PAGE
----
3 Best Study Habits For Spelling Tests – Discover The Facts

3 Best Study Habits For Spelling Tests – Discover The Facts

Does your child find it difficult in spelling words? If yes, then this informative article is for you.

If your child is struggling with his or her spelling words, there are many steps you can take to help encourage good study habits for spelling tests.

Best Study Habits For Spelling Tests

1. Word Mapping To Develop Spelling Skills

When studying spelling word lists, it’s important to help your child avoid thinking of the words as random strings of arbitrary letters. For this reason, the traditional practice of simply studying spelling words by copying each word 10 to 30 times is no more effective than requiring your child to memorize every number in the phone book!

Study Habits for Spelling Tests

Good spellers are those who look for patterns in their lists of spelling words.

Word mapping is a procedure that many educators believe can help students develop good study habits for spelling tests. With word mapping you:

  • Speak the word
  • Write the word as it would be pronounced
  • Define the meaning of the word
  • Use the word in a sentence or find an image that represents the word
  • Develop a synonym and antonym for the word

The steps to word mapping are:

  • Say the word clearly.
  • Stretch the word to emphasize each syllable.
  • Segment the phonemes (sounds of the word), working by individual syllables if necessary.
  • Count the phonemes. See The Reading Genie’s article on How to Count Phonemes in Spoken Words for a detailed explanation of this process.
  • Draw blank spaces on a piece of paper for each phoneme, adding slashes where the syllables help divide the word.
  • Work out the spelling of the word, phoneme by phoneme.
  • Write the word several times in your best handwriting.
  • Look for features that are unique or difficult in the spelling of the word.
  • Look up the meaning of the word and try to use it in a sentence.
2. Mix It Up with Fun Spelling Activities

While games can’t replace regular study sessions, there are plenty of fun ways students can work in extra practice for an upcoming spelling list. For example:

  • Make a word search.
  • Play games like Hangman.
  • Make pairs of matching word cards and play a memory game with your spelling list.
  • Cut letters out of an old magazine to make an artistic collage of the words on the spelling list.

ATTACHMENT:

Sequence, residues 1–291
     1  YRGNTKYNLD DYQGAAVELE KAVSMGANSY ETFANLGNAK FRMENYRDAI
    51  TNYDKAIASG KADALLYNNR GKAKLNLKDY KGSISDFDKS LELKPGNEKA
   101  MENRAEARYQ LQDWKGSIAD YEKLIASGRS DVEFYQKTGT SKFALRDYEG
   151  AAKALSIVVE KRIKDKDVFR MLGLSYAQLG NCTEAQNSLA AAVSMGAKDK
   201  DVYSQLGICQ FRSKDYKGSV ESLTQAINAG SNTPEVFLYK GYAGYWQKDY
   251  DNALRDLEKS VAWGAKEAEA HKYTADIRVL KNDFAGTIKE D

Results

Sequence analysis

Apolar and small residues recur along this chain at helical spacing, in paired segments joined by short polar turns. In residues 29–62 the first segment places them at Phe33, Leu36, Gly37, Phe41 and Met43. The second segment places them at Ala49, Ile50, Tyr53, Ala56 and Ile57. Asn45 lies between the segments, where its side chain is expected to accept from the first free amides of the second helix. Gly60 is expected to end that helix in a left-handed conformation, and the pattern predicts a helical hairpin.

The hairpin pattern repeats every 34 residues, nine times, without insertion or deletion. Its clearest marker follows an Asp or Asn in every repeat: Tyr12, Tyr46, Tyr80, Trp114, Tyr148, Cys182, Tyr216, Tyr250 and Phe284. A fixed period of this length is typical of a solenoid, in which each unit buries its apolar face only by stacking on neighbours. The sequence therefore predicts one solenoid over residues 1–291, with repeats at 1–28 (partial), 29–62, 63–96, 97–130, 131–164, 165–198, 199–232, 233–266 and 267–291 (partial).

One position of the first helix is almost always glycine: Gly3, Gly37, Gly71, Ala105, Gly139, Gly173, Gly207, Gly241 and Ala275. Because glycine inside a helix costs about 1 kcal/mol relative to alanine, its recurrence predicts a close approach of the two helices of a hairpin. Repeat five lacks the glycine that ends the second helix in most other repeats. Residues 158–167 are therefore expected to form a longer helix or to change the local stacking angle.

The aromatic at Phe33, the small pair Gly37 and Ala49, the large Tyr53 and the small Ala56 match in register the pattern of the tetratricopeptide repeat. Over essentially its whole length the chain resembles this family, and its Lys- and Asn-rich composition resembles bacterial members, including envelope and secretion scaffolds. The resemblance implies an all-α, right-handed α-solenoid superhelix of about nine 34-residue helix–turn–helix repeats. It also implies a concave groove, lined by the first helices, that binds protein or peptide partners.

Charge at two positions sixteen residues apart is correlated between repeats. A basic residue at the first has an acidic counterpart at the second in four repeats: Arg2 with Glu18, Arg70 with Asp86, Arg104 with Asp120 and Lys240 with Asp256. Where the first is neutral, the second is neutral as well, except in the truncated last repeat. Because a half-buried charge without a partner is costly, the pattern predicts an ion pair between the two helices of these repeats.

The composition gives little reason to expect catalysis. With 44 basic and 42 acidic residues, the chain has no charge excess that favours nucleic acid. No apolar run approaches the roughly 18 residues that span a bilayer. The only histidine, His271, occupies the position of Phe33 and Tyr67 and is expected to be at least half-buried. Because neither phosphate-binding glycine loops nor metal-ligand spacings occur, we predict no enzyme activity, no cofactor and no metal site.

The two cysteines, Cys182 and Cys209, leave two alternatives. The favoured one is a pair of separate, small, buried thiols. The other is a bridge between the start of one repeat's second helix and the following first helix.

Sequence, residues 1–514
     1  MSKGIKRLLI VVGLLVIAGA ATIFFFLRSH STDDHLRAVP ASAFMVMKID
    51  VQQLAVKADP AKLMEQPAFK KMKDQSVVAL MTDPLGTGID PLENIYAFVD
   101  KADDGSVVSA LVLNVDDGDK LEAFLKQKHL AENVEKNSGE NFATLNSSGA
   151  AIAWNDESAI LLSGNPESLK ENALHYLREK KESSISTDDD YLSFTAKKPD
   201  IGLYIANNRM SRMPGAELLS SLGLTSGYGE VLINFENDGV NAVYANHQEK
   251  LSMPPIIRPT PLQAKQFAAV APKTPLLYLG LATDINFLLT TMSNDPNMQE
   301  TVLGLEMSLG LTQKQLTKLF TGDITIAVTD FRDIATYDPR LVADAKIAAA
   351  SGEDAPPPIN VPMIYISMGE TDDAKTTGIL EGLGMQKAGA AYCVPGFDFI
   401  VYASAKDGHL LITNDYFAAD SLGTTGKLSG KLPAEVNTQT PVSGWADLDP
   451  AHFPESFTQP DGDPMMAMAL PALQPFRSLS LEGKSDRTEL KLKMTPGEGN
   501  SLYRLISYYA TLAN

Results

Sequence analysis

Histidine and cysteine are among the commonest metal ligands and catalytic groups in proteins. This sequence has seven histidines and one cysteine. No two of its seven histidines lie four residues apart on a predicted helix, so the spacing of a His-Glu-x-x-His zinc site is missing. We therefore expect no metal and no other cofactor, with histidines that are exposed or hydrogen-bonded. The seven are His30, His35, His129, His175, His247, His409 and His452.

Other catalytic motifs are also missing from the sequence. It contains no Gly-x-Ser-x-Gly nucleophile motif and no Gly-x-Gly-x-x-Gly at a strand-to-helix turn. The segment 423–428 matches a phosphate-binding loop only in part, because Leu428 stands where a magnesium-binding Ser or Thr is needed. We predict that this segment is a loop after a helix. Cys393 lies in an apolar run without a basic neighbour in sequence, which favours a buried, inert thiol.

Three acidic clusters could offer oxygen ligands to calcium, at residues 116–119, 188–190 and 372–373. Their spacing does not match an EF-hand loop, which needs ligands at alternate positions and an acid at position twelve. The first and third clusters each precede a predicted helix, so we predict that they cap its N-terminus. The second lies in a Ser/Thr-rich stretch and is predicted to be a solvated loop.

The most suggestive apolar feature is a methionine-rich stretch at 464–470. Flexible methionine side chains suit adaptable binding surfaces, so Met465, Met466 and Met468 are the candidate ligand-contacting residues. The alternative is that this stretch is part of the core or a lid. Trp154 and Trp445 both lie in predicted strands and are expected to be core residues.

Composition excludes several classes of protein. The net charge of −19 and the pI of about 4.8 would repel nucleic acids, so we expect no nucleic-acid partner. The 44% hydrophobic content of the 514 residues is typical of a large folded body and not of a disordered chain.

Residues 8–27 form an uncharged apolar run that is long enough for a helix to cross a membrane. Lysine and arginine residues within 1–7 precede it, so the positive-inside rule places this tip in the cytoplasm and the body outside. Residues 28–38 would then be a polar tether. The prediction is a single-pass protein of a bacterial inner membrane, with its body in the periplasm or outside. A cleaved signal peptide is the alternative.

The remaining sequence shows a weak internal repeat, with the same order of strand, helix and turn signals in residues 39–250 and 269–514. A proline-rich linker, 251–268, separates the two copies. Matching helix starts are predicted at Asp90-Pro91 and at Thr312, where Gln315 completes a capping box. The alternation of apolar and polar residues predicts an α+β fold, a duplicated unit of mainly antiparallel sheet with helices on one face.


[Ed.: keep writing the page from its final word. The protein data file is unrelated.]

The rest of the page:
• Write a story using a favorite television character that incorporates all the words on the spelling list.
  • Spell words using the sign language alphabet.

Kids who enjoy playing online games may also want to check out the Gamequarium website. This helpful spelling resource has links to several different educational games.

Most focus on building general spelling skills, but there are a few games that allow parents to enter words from an assigned spelling list to customize the learning experience.

3. Developing Good General Study Habits

As you might expect, students who do well on their spelling tests also tend to be those who have taken the time to develop a solid understanding of the basic study habits necessary for academic success.

RECOMMENDED: The 12 Basic Standout Spelling Rules You Need to Know

Good study habits include:

  • Create a regular schedule to determine how to handle schoolwork. For example, many parents require their children to complete all schoolwork immediately after dinner and before playing with friends or engaging in other recreational activities.
  • Write down assignments in a special notebook that is not used for any other purpose.
  • Sort through schoolwork regularly to keep projects neatly organized.
  • Ask questions when appropriate to make sure the teacher’s expectations are clear.
  • Create a special place for schoolwork, preferably a desk with a comfortable chair and adequate light source.
  • Gather pencils, paper, textbooks, and other supplies before the study session.
  • Eliminate distractions such as music, television shows, or conversations among friends during the designated study time.
In Summary

While your child may think his or her spelling lesson is finished once the teacher grades the test, regular review sessions are an important part of developing strong spelling skills.

Consider keeping copies of your child’s old spelling lists in a special notebook. You can practice these words while driving to soccer practice, play a game of Scrabble as a family, or look for spelling words in your child’s favorite library books.

The best way to encourage a love of written language is to provide regular opportunities for your child to demonstrate his achievements in reading, writing, and spelling.

Editorial Staff

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